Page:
Oftentimes, one of the first things you should do to get your personal finances in order is to set up an interest-bearing account, like a savings account. This type of account is safer than putting your cash under the mattress and earns more interest than a checking account. If your financial goals include building an emergency fund, saving for a down payment or preparing for college, an interest-bearing account can likely help you achieve them.
What is an Interest-Bearing Account?
An interest-bearing account is a bank account that pays you to hold your money, meaning that you will earn interest. We’ll outline the different types of interest-bearing accounts below for you to compare, which include three popular options: savings accounts, money market accounts and certificates of deposit (CDs).
SPONSORED: Find a Qualified Financial Advisor
1. Finding a qualified financial advisor doesn't have to be hard. SmartAsset's free tool matches you with up to 3 fiduciary financial advisors in your area in 5 minutes.
2. Each advisor has been vetted by SmartAsset and is held to a fiduciary standard to act in your best interests. If you're ready to be matched with local advisors that can help you achieve your financial goals get started now.
All of these accounts offer an annual percentage yield (APY), which is the amount of interest that is paid out each year. For example, if your APY or interest rate was 1%, and you had $10,000 in that bank account, you would receive $100 annually. Usually, this money is paid monthly, so in this case, you would receive $8.33 every month Banks can afford to pay you to hold your money because your money is not actually there.
Banks only keep a certain amount of liquid assets on hand. They loan out the rest to businesses and consumers. Your mortgage is likely someone else’s savings account! For example, if the bank is paying you 1% interest, they are likely charging someone else 3% interest on the same money.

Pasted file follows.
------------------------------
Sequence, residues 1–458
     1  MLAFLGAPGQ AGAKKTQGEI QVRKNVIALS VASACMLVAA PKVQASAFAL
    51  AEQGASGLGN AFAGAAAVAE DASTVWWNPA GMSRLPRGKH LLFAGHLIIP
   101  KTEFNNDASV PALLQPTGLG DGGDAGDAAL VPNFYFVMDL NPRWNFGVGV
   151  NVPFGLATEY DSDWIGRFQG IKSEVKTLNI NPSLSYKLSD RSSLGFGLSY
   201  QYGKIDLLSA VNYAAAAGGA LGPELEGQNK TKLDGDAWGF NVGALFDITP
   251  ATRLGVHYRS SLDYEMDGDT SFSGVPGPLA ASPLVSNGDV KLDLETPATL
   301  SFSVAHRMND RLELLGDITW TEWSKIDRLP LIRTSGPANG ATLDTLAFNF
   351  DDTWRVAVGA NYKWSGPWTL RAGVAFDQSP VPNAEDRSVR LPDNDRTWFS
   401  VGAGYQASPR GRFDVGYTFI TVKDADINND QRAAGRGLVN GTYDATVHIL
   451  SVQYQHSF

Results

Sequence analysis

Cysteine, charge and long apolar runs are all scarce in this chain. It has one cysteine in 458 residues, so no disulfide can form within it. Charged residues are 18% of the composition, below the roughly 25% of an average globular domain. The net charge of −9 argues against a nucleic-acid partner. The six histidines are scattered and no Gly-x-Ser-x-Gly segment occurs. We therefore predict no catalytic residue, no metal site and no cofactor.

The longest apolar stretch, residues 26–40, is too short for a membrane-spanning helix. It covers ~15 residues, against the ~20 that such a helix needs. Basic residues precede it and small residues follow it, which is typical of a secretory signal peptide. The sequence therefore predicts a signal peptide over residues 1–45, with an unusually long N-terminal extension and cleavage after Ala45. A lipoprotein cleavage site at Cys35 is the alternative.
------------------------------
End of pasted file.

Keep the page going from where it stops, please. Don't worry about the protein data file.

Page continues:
Three Major Types of Interest-Bearing Accounts
Below we’ll dive into the three major types of accounts, all of which are FDIC-insured (federal deposit insurance corporation), assuming you open them with FDIC-insured banks, credit unions or financial service providers.
1. Savings Account
A savings account is probably the most common type of interest-bearing account. It’s an FDIC-insured bank account that offers a higher interest rate than checking accounts. In most cases, going with a high-yield savings account is even better than traditional savings accounts because, as you might have guessed, they offer higher interest rates.
High-yield accounts are most commonly offered by online banks, such as CIT Bank or Discover Bank, rather than big banks like Chase and TCF that offer a low-interest rate on a regular savings account. High-yield savings accounts are flexible accounts that are great for storing emergency funds and for short-term savings overall. Its main limitation is that you can only access it and make transfers six times a month, although it’s hard to foresee a reason to need to access it any more than that, especially if you connect your account with an online checking account to help manage your finances.